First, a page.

Nats to privatise prisons

Was it a slip-up by Simon Powers? In his press release he says, “And you can expect to hear more on sentencing and prisons in the next few months.” Nothing about privatising prisons.

But in his speech to the weekend conference he says quite clearly”

“We will allow tendering for the management of prisons by non-government providers.”

If it’s not a slip-up it seems a strange way to announce a major policy. Were they trying to slip it in under the radar?

As Phil Goff points out, it’s pure ideology. We know from experience in NZ and Britain that it’s not about saving money or improving management. Goff:

“Private management of the Auckland Central Remand Prison resulted in a higher operating budget for remand prisoners of $42,000 per annum when compared with the public sector costs of $36,000 per annum.”

In Britain, GSL (formerly Group 4) has shown the shortcomings of profit-driven detention. A 2005 BBC documentary Detention Undercover: The Real Story showed GSL staff at the Oakington Immigration Reception Centre shouting racial abuse and mistreating inmates. At Rye Hill prison one suicide-risk prisoner died from self-sustained injuries. “It emerged that nobody had entered the cell for 15 hours.” In 2006 GSL topped the table of complaints of misconduct from asylum seekers and their lawyers, with 30% of all complaints made.

Do we want this here? Yes, our prison “services” need serious attention, which is what star-performer Goff has been about. (I might note in passing that the rot seemed to set in when the Corrections Dept was run by a former Treasury official.) But the “quick fix” afforded by private sector management is more likely to make things worse, if you look at the evidence.

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4 Responses to “Nats to privatise prisons”

  1. AndrewE Says:

    In Britain, GSL (formerly Group 4) has shown the shortcomings of profit-driven detention. A 2005 BBC documentary Detention Undercover: The Real Story showed GSL staff at the Oakington Immigration Reception Centre shouting racial abuse and mistreating inmates.

    And I suppose this doesn’t happen in public prisons? Put down the Chardonnay!

  2. macdoctor01 Says:

    I note that Phil Goff uses very old data (those are 2000/01 figures for Auckland Remand). Are there no more recent figures? Corrections costs have risen sharply in the past few years (partly due to maintenance and building a new luxury prison). In 2007 it was over $76,000 per prisoner, per annum (Annual report 2007, page 39) That is an increase of 41% over the 2001 figure of $54,000 (including depreciation of buildings – p28). That is nearly twice the inflation rate.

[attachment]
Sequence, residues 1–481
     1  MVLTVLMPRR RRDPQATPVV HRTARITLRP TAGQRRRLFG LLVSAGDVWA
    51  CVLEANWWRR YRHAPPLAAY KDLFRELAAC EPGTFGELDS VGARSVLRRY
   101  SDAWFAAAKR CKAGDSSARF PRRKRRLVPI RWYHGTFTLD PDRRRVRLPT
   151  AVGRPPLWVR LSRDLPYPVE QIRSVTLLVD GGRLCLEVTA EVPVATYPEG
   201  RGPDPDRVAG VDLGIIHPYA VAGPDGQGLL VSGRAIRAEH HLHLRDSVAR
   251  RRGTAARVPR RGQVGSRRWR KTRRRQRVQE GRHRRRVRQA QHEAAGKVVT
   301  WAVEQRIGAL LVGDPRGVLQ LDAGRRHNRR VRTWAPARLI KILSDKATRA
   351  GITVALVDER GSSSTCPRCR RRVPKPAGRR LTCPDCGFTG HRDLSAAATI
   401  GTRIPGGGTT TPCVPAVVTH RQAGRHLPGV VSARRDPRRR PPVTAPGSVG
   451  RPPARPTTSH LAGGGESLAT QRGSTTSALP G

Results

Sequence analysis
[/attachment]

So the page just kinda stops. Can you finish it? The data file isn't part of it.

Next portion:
And they still don’t seem to be able to manage a simple transport protocol.

  3. *Ghost who walks Says:

    What is this fascination with privatising prison management all about? If use of the coercive powers of the state is not a core public sector function what is? Its bad enough that the crims have their own entrepreneurial rackets to get into the system and cost us a fortune, without compounding their predatory actvities by crony capitalism once they are locked up.
    Why on earth do we need a business rationale to increase market share of private sector prison operations? And on top of that do we really need a prime rationale even worse than the [not very] Sensible Sentencing Trust for “growing the market” in prison “clients”? I can see the lobbyists in Parliament for tougher prison sentences now, with commission payments for every year’s penalty added to each bit of legislation.

    I wonder how many of the neo-liberal eighties retreads from Treasury [Bill English perhaps?] who inhabit Wellington politics have scoured the bible to find some even more modern policies? Outsourcing of tax collection is another policy that could be considered? Oh no too late – the Mongrel mob already do that, but the money doesn’t come back to the empire!
    Maybe Halliburton or the other buzzards hanging around IRAQ may have time to come and siphon off a bit from our public coffers. I think they’re known as PPPS? Public Pillaging by Private Sycophants? But then the real rort lies in the exorbitant consultancy fees for producing the tenders and business plans to support these grand plans. Maybe that will be the saving grace, nothing will ever get done.

  4. sconehead Says:

    They’ve already been privatised. Just ask any member of the Mongrel Mob or Black Power.

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